Companies taking part in four-day working week say it ISN’T working

Companies taking part in four-day working week say it ISN’T working: Trial participants say they are struggling with rota chaos and staff confusion and say ‘bumpy’ experiment may not continue

  • More than 3,000 employees across 70 companies began four-day week in June
  • Staff are all being given full pay for 80 per cent of their time during the pilot
  • Chief executives are starting to believe the scheme cannot realistically continue
  • Bosses have complained of difficulties over handovers and issues with hiring

Companies taking part in the world’s largest four-day working week trial are struggling with rota chaos and staff confusion – as bosses say the policy may not survive the trial period.

More than 3,000 employees across 70 companies began working a four-day week in June as part of a trial that could overhaul the working life of Britons.

Staff are being given full pay for 80 per cent of their time — but they have made a commitment to produce 100 per cent of their usual output. 

The programme is being coordinated by campaign group 4 Day Week Global, think tank Autonomy and academics at Oxford, Cambridge and Boston College in the US.

There are a range of businesses and charities taking part, including the Royal Society of Biology, hipster London brewery Pressure Drop, Southampton computer game developer Yo Telecom, a Manchester medical devices firm, and a fish and chip shop in Norfolk.

But some chief executives are starting to believe the scheme cannot realistically continue beyond the pilot’s termination date in December.

Samantha Losey, boss of communications firm Unity, told The Telegraph: ‘It’s more likely that we won’t carry on now. One of the things that has struck me is whether or not we are a mature enough business to be able to handle the four-day week.

Samantha Losey, boss of communications firm Unity, says she is doubtful she will continue the scheme beyond the end of the pilot

Samantha Losey, boss of communications firm Unity, says she is doubtful she will continue the scheme beyond the end of the pilot

Trio Media boss Claire Daniels (pictured) has said that the four-day week is complicating the process of hiring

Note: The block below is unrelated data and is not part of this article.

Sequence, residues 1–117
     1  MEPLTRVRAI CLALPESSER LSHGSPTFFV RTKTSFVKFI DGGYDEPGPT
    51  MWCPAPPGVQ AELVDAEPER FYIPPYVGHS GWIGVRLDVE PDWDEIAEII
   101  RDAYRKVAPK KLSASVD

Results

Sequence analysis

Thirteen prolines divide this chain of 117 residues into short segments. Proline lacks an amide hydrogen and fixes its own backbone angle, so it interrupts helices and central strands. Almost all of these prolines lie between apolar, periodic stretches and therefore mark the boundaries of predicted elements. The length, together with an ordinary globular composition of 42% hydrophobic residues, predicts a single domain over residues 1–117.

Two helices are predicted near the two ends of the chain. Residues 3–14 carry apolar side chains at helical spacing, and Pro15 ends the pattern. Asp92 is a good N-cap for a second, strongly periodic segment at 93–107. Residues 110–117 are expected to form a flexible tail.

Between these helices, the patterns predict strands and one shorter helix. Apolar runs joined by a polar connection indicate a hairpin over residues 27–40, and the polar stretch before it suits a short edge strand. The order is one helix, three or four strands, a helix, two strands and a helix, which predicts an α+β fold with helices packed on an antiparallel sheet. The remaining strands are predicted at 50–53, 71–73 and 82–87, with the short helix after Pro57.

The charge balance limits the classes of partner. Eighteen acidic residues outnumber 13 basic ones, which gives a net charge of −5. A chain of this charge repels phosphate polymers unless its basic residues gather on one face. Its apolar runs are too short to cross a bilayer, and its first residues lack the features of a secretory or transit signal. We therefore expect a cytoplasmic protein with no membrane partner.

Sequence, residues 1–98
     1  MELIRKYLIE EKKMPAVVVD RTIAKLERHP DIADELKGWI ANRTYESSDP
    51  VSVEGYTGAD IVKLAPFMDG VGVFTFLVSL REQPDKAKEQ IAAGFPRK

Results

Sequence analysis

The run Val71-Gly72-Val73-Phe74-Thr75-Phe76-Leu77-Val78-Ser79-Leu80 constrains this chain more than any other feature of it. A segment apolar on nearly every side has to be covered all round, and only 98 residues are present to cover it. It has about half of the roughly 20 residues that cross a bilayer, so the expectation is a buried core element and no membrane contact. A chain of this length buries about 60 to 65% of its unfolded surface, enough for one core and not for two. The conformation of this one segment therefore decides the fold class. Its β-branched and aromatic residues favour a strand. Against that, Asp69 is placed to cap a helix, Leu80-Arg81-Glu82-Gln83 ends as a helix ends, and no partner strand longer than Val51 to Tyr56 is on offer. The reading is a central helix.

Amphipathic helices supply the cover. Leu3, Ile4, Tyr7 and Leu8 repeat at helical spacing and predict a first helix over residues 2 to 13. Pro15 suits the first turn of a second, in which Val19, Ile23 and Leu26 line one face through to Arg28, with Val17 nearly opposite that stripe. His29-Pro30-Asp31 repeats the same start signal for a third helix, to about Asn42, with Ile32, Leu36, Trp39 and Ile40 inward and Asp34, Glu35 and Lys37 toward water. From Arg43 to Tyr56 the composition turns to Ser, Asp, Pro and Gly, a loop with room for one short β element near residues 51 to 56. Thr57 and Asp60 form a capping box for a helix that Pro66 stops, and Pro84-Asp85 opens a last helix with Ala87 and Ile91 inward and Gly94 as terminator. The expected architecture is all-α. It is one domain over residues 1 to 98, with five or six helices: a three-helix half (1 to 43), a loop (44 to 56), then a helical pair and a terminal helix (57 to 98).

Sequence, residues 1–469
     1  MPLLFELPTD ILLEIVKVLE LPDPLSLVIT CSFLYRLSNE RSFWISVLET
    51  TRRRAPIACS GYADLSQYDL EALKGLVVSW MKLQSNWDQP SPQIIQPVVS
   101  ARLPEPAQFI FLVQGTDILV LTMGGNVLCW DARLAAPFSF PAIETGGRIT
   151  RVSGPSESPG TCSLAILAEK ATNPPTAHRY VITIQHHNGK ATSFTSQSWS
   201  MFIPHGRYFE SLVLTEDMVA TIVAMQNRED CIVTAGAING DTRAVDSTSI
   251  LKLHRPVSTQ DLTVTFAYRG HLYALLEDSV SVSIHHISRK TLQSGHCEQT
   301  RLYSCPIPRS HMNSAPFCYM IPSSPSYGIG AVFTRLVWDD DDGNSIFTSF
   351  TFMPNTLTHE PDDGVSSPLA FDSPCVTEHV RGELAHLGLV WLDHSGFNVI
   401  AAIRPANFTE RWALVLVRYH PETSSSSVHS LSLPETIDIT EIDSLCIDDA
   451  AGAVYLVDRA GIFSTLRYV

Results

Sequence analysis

Trio Media boss Claire Daniels (pictured) has said that the four-day week is complicating the process of hiring

Trio is among 70 companies taking part in the pilot

Trio is among 70 companies taking part in the pilot

‘The rest of the world not doing four-day weeks makes it challenging. We agreed we’d go all the way through the pilot, but I’m questioning whether this is the right thing for us long-term. It’s been bumpy for sure.’

She also complained it has created difficulties on handover days due to staff having different days off.

And Trio Media boss Claire Daniels said the four-day week is complicating hiring and was unable to confirm if her company will continue the scheme beyond the end of the year.

She said: ‘The only challenge is in recruitment currently as we cannot guarantee that we will continue the four-day week pilot scheme.’

Critics argue the concept would be impossible in customer facing jobs, or 24/7 operations including where overtime payments would present an extra cost to employers or the taxpayer. 

A trial of the four-day working week in France previously found workers were putting in the same amount of hours even with a day fewer and companies were having to pay them for their extra time.

Kirsty Wainwright, 34, the general manager at Norfolk fish and chip shop Platten's has previously said that long hours in the hospitality industry push up staff shortages

Platten's fish and chip shop in Wells-next-the-Sea, North Norfolk, is also taking part in the trial

Kirsty Wainwright, 34, the general manager at Norfolk fish and chip shop Platten’s, has previously said that long hours in the hospitality industry push up staff shortages

Pros and cons of a four-day week 

Pros:

  • Fewer distractions at work